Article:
And that’s why we can’t do this without you. We believe that across the globe is a community of people who care deeply about social justice, environmental action and press freedom – and who will join in to help make those ideals a reality. We’re not just holding our hand out – we need your voice to play a vital role in building Southeast Asia Globe into a leading space for progressive causes in the region. Tell us what stories the mainstream media is missing. Share with us the causes that matter most to you, and how we can champion those causes not just across Southeast Asia, but the world.

Our vision is clear. By 2025, we want to be recognised for building a great space for outstanding journalists from across the region to explore new ways of telling Southeast Asia’s most vital stories. Let’s bring together a community of engaged and loyal members who want to help reshape the media rather than just read it. And we want to reach a point where our readers, not advertisers, are the ones working to support our shared vision of an inclusive media.

We can’t do this without you. Let’s get together and build something that we all believe in.

If you’re interested in joining us, sign up to our newsletter, like us on Facebook, follow us on Twitter. And watch this space.

Seastead / ‘Bitcoin Girl Thailand’ and US boyfriend face death penalty over offshore floating home

By: Agence France-Presse - Posted on: April 18, 2019 | Current Affairs

Supranee Thepdet and her American bitcoin investor boyfriend have been accused by the the Thai navy of violating the country’s sovereignty by building a “seastead” home off the coast

American bitcoin investor Chad Elwartowski (R) and his girlfriend Supranee Thepdet (L). Elwartowski insisted he was simply building the offshore home in pursuit of a vision of “freedom” Photo: Chad Elwartowski / Facebook

Thepdet, known as “Bitcoin Girl Thailand”, and Chad Elwartowski are facing charges of threatening the kingdom’s independence after authorities found their ocean-based home about 12 nautical miles from shore.

But Elwartowski told AFP their home was 13 nautical miles out, which he said is just outside Thailand’s territorial waters.

An official complaint was filed to a Phuket police station, police colonel Nikorn Somsuk confirmed Wednesday.

“The navy and its team… found a concrete tank floating on the sea but there was no one on it,” Nikorn told AFP. “So they filed a charge citing criminal code article 119.”

If they are officially charged and found guilty, the maximum sentence Elwartowski and Supranee could face is the death penalty.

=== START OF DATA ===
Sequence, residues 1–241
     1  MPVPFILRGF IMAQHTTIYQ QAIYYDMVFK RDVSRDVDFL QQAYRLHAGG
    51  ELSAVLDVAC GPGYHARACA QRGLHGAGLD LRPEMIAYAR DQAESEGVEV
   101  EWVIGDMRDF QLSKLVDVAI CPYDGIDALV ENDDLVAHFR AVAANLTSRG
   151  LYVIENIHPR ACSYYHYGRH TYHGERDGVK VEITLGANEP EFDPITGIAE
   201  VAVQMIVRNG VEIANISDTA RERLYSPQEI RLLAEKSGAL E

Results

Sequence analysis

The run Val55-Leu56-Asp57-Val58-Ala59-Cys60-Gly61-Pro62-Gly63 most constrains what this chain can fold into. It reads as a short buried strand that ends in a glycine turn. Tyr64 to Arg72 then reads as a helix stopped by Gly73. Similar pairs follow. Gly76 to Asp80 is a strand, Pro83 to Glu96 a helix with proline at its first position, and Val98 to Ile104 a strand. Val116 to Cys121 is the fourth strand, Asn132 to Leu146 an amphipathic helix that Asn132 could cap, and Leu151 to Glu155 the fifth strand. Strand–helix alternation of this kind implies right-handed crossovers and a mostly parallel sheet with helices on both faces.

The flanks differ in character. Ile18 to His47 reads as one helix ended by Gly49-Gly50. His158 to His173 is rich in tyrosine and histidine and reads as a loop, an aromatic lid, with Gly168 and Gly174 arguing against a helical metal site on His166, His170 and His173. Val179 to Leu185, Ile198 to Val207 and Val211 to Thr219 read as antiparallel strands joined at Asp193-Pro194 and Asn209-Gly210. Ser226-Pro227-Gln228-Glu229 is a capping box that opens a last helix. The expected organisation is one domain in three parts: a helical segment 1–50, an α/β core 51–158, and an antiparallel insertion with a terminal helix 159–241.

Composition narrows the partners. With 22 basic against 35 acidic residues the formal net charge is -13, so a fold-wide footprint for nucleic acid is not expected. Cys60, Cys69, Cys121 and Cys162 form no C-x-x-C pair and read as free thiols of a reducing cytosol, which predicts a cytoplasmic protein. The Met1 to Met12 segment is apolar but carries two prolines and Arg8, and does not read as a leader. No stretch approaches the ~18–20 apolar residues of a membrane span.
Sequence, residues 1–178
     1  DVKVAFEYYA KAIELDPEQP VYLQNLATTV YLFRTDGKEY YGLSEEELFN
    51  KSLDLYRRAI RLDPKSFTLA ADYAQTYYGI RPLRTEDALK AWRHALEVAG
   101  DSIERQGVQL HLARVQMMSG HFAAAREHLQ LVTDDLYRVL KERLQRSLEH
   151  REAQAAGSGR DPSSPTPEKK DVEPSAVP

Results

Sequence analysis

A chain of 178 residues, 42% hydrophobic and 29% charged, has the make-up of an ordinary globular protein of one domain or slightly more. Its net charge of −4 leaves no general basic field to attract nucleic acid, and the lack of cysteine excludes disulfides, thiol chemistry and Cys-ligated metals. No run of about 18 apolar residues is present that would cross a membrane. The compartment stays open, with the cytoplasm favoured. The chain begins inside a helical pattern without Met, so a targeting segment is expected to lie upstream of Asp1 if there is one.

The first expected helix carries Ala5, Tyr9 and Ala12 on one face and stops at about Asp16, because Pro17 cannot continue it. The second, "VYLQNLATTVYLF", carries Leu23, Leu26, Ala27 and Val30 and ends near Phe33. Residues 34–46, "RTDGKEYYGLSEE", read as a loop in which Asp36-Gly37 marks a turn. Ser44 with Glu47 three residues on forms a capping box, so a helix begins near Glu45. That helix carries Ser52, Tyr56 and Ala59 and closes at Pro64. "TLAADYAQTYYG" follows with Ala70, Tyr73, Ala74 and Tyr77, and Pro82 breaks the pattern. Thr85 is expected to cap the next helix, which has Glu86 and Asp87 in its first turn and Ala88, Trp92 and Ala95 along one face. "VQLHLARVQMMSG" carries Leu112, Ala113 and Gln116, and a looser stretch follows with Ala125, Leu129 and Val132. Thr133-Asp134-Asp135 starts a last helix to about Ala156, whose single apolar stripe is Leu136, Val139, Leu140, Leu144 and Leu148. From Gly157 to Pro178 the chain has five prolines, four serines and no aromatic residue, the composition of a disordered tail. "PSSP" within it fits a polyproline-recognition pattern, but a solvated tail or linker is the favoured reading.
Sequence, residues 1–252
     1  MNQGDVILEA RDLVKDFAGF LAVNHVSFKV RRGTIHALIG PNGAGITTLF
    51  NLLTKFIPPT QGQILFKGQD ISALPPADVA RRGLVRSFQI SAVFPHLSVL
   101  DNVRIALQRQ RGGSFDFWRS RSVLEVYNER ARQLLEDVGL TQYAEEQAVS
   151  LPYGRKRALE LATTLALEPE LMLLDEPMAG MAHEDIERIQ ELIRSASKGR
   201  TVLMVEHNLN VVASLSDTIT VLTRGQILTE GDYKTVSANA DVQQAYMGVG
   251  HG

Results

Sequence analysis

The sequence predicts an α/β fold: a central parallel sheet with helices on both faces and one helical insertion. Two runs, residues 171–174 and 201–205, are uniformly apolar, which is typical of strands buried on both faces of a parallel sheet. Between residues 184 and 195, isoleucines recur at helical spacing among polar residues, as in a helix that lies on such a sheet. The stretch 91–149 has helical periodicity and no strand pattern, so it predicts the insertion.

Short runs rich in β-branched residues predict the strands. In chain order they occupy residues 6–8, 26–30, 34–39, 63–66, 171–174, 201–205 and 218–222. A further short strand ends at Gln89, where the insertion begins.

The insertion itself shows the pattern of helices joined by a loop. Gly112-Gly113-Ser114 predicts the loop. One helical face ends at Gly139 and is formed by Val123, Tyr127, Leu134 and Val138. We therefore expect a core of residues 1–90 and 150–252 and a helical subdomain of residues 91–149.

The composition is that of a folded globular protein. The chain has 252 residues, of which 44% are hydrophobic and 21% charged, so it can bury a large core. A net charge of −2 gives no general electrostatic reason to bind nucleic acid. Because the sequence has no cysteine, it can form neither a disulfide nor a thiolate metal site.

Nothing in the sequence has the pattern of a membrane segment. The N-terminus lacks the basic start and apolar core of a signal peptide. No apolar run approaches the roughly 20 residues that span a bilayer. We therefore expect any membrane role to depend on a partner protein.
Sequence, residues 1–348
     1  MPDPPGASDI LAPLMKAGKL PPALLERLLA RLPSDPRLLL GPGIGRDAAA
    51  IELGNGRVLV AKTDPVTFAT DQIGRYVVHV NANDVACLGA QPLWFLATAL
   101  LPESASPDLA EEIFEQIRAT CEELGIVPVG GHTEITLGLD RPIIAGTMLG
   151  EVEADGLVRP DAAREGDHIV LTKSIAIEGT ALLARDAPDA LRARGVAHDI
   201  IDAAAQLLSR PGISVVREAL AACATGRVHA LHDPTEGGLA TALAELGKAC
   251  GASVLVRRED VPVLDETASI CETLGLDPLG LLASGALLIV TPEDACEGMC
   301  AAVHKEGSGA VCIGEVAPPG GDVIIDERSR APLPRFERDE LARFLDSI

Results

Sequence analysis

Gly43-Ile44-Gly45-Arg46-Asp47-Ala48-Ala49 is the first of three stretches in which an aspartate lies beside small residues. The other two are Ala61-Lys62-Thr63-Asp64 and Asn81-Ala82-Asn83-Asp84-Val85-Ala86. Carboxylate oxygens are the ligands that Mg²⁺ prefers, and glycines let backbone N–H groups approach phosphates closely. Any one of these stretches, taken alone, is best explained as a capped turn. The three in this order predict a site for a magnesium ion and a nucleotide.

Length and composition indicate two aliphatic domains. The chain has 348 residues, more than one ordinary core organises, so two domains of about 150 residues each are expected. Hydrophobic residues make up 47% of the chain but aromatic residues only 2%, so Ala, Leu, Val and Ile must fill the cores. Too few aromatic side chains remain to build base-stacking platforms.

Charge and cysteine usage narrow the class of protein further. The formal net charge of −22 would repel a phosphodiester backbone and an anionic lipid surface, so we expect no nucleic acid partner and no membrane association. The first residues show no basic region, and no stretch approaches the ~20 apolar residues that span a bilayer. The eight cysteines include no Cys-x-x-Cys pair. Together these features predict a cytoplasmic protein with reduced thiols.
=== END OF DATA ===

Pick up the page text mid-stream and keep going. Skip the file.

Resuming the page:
Nikorn said the navy would have to meet with provincial officials “to consider what to do next”.

The Royal Thai Navy said on Facebook the couple “did not seek permission from Thailand” before constructing their home.

Putting a call out to other interested investors also shows “they do not care about Thailand as a sovereign state.”

But Elwartowski, who worked as a software engineer for the US military in Afghanistan, Germany and South Korea, told AFP he and Supranee just wanted to live somewhere free.

“I like the idea of being able to vote with your home. If you don’t like how your community is being run, you just float to a new one,” he said.

The bitcoin-rich couple are part of Ocean Builders, a community of entrepreneurs who aim to build permanent homes in waters outside of government territory.

They had recently called for 20 interested investors for new seasteads to be built around their maiden platform, which is “just outside of Thailand’s territorial waters,” said Elwartowski.

On April 10, he put out a call for people to invest in an “Initial Seastead Offering” which would have launched on April 15.

The “ISeaO” is now postponed, and Elwartowski said he and Supranee, whose English name is Nadia, just want to live together in peace.

“We didn’t do anything on the seastead that was not legal on land but the feeling of being free is just amazing.”

Some advocates of “seasteading” believe in creating “competing governments on the high seas”, he said.

But Ocean Builders “never took a political stance” on the homes’ purpose.

“That was for the customers to decide,” he said.

The couple is now hiding in “a fairly safe place”.

A statement published Monday on Ocean Builders’ website said Elwartowski and Supranee were not responsible for construction of the seastead.